A study of patients in Zurich found that statins, the drugs that are used to lower cholesterol, could also prevent cancer in heart transplant patients.
Following a study which was conducted between 1985 and 2007, doctors suggested that statins should be recommended to the over 50s at risk of heart attack and stroke was reduced by a fifth, even in those who had no sign of heart disease.
People In Wealthy Regions Live 20 Years Longer
The life expectancy of those living in England’s most deprived areas is up to twenty years lower than those in affluent Southern parishes.
Research by the Church Urban Fund show a significant north/south divide. Women from Everton, Toxteth in Liverpool can expect to live to 74, while their counterparts in Comberton, Cambridgeshire, have an average life expectancy of 94.
Global Emergency To Be Called In Polio Battle
The World Health Organisation is expected to declare polio a global health emergency this week.
Sona Bari, a spokesman for the polio eradication programme, said the world faced a ‘now or never’ moment, and failing to stamp out the disease could mean as many as 200,000 children crippled by it in the next decade.
This year has seen a decline in cases, but health officials said they had only half the $2 billion needed to wipe out the disease in its remaining havens of Pakistan, Afghanistan and Nigeria.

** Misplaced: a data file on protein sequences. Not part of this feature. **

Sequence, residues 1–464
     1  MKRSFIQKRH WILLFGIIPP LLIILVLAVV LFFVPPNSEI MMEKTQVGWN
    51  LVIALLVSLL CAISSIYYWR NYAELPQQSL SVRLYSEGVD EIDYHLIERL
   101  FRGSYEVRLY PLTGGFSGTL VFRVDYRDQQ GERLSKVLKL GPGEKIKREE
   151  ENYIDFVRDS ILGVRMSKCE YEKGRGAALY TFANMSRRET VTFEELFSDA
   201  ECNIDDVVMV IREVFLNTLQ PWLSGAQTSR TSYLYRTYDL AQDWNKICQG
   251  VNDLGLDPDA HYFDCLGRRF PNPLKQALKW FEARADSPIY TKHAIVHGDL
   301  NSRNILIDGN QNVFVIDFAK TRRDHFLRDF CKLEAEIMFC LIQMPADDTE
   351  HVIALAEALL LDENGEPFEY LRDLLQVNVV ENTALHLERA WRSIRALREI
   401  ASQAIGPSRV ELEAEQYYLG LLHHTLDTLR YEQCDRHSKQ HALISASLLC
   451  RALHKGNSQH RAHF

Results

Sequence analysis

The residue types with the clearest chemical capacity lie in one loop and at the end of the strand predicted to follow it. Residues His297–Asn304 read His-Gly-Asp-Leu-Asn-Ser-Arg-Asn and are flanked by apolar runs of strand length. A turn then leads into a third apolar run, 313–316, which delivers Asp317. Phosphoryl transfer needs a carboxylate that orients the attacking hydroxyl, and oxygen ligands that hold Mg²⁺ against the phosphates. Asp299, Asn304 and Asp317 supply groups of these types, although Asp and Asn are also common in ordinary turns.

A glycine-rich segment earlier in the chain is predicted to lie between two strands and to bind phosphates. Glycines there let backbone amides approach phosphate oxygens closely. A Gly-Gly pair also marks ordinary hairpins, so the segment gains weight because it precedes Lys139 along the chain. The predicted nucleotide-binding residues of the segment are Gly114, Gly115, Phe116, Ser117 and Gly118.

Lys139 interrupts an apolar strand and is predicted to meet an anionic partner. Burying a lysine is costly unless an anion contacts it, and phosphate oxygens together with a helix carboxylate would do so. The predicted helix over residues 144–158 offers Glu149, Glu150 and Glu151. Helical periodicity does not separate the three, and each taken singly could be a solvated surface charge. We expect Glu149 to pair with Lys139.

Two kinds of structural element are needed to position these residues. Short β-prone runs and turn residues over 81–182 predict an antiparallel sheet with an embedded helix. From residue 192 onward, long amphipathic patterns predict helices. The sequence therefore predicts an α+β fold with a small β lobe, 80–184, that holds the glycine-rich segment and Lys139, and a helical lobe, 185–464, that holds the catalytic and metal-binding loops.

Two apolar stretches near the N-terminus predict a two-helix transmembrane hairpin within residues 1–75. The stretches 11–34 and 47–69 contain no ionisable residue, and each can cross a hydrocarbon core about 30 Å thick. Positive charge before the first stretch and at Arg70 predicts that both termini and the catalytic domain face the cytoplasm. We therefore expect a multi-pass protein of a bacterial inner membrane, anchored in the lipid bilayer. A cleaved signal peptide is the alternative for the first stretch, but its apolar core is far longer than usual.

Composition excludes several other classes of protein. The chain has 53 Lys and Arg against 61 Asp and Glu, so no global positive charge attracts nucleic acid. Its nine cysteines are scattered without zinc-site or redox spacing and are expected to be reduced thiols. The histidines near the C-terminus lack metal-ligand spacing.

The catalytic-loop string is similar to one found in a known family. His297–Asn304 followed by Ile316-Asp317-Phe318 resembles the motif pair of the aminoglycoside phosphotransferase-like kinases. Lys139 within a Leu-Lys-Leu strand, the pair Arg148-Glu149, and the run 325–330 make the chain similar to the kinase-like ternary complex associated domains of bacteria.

GPs Go Online To End 8am Rush
Ministers will encourage GPs to book appointments online, in an attempt to me the health service more customer friendly.
Under the NHS Information Strategy to be launched today by Andrew Lansley, all surgeries will have to allow patients to receive test results and view medical record via the computer or smart phone. Patients will also be able to email surgeries direct, ending the irritation of jammed switchboards, and repeat prescriptions will be approved online, saving visits to surgeries.
Long Shifts Put Doctors At Risk
Delegates at a British Medical Association conference at the weekend said that tired junior doctors were putting lives in danger by driving home after long inhuman shifts.
Simon Burns, the health minister, backed the call for doctors to be given time to rest. ‘Safety of patients, and the doctors who treat them, is of the utmost importance in the NHS’, he said.
NHS Event Celebrates Its Transgender Staff
The NHS has funded a ‘human rights week’ with dozens of events, including a photographic exhibition celebrating transgender staff.
However, patients’ groups have criticised the spending at a time when services and jobs are under threat, as the NHS attempts to make £20 billion in efficiency savings.
Lawyers Told Doctors To Exaggerate Crash Injuries
Lawyers for accident victims routinely asked doctors to exaggerate the extent of their injuries to help them win compensation, a tribunal has heard.